Last month, we brought you a napping “cheat sheet” — 5 things you need to know about your baby’s or toddler’s naps. Since many of you found that nap list so helpful, we’re bringing you a new one this month — 5 more things you need to know about baby and toddler naps (it’s amazing how much there is to share about baby sleep! ).
Let’s dive in!
5 More Things You Need To Know About Baby and Toddler Naps
- On-the-go, “moving” naps aren’t as restorative as naps that happen at home, in bed. This might come as a bit of a surprise, but it’s true — naps that happen “on the go” (in a moving car, for example, or in a moving stroller or shopping cart) aren’t as restorative as naps that happen on a non-moving surface (like a bed). They aren’t as long, for one thing, and during a “moving” nap, your baby’s or toddler’s sleep won’t be as deep. The occasional on-the-go nap isn’t a big deal, of course; sometimes, you gotta do what you gotta do. But if the majority of your baby’s or toddler’s naps are happening in the car, or in a stroller, you may need to rethink your daytime routines and schedule.
- It’s possible for your baby or toddler to nap too much. Yes, we realize that this particular “problem” doesn’t plague most of you. But it’s true; some babies and toddlers nap too much, and it negatively affects their nighttime sleep. How much nap time sleep is too much? You can check out this article for details, but here’s a fast breakdown:
*INFANT STAGE (birth – 4 months) — newborns will sleep 14-18 total hours during the day. To maximize nighttime sleep, limit naps to two hours, and try to keep your baby awake for 30 minutes between naps.
*BABY STAGE (4-12 months) – babies need 13-15 total hours of sleep during the day. 2-4 of these hours should be naps (depending on how much sleep your baby is getting at night.)
*TODDLER STAGE (12 months – 3 or 4 years) – 1-3 hours of total naptime is considered normal and healthy.
- Educate yourself on when common nap transitions occur, and how to manage them. Nap transitions are likely to occur at the following times:
*3-4 MONTHS – baby transitions from 5 naps to 4.
*5-6 MONTHS – baby transitions from 4 naps to 3.
*8-9 MONTHS – baby transitions from 3 naps to 2.
*15-18 MONTHS – toddler transitions from 2 naps to 1.
As for how to handle these nap transitions? Be sure to read through this article from some hands-on, practical tips on how to manage them well.
- If a nap just isn’t happening, know when to give up and try again later. We end up dispensing this advice quite often to our consultation clients who we are working on nap training: don’t waste too much time trying to make a nap happen. After about an hour, it’s okay to give up and wait for the next nap window to come along before trying again. No sense in spending 3 hours trying to force an afternoon nap to happen — at that point, you’re probably closer to bedtime than you are to naptime!
- When your toddler is finally done taking naps, consider replacing nap time with “rest time”. It’s always a little sad when your toddler finally ages out of his naps. Gone are those one or two hours of peace, when mom or dad could get some work done, catch up on chores, or take a nap themselves! However, the end of nap time doesn’t have to mean the end of your afternoon peace and quiet. Simply replace nap time with rest time. I’ve done this with my boys (and Nicole did it with hers), and let me tell you — it’s a beautiful thing.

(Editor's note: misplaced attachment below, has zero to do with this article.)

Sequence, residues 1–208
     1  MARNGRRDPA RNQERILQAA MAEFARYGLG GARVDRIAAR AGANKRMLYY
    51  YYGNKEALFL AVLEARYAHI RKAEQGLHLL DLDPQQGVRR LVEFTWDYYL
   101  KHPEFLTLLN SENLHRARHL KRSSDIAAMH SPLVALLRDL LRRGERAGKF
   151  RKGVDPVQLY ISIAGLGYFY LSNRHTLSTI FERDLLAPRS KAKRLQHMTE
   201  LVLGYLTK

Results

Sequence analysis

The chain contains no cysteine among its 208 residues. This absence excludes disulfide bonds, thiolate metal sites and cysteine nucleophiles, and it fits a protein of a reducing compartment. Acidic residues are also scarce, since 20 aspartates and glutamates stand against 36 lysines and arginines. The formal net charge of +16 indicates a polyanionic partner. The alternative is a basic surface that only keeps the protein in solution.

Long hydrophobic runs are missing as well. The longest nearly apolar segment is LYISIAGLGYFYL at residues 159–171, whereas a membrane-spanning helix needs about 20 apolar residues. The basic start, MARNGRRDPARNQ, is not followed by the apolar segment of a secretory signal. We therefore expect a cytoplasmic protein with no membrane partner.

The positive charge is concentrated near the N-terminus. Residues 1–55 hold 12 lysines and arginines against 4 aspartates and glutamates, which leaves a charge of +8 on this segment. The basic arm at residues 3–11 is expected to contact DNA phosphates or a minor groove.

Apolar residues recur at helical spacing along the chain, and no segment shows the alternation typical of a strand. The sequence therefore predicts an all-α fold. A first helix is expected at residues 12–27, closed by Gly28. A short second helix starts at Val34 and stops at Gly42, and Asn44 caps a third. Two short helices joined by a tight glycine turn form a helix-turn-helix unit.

What does rest time look like? That will vary from family to family, of course, but here’s how rest time goes in my house: after lunch, my boys retire to separate rooms, where they’re allowed to read books, do puzzles, and play quietly with toys. It usually lasts about an hour (although on days when I feel like I’ve used up all my patience and sweetness by noon, it lasts a bit longer! ) My boys are past the toddler years now; one’s a preschooler, and one’s in kindergarten. But this is the nice thing about rest time — it can extend well into the elementary school years. Win!
This time of solitude is good for your child; it gives her time to unwind. It also gives her a chance to learn how to occupy and entertain herself, which (in my opinion, at least) is a great skill for a child to have. And, of course, it gives you a much-needed break in the middle of the day.
As always, if you need help working through your baby’s or toddler’s napping problems, we’re here for you! We offer an e-book devoted entirely to helping parents overcome their babies’ or toddlers’ napping issues; take a look!
Are you working through any of these nap situations? Any tips or advice to offer other parents who are struggling with naps? Chime in and let us know by commenting below!
Ready to get your baby or toddler napping like a champ? First, make sure you are not making those pesky 7 Common Napping Mistakes and/or check out Mastering Naps and Schedules, a comprehensive guide to napping routines, nap transitions, and all the other important “how-to” of good baby sleep. With over 40 sample sleep schedules and planning worksheets, Mastering Naps and Schedules is a hands-on tool ideal for any parenting style. For those persistent nighttime struggles, check out The 3 Step System to Help Your Baby Sleep (for babies) or The 5 Step System to Better Toddler Sleep (for toddlers). Using the same unique approach and practical tools for success, this e-book helps you and your baby sleep through the night. Or, join our Members Area packed with exclusive content and resources: e-Books, assessments, detailed case studies, expert advice, peer support, and teleseminars. It actually costs less to join than buying products separately! For those looking for a more customized solution for your unique situation with support along the way, please consider one-on-one baby and toddler sleep consultations. Sometimes it’s not that you can’t make a sleep plan; sometimes you’re just close to the situation or too tired to!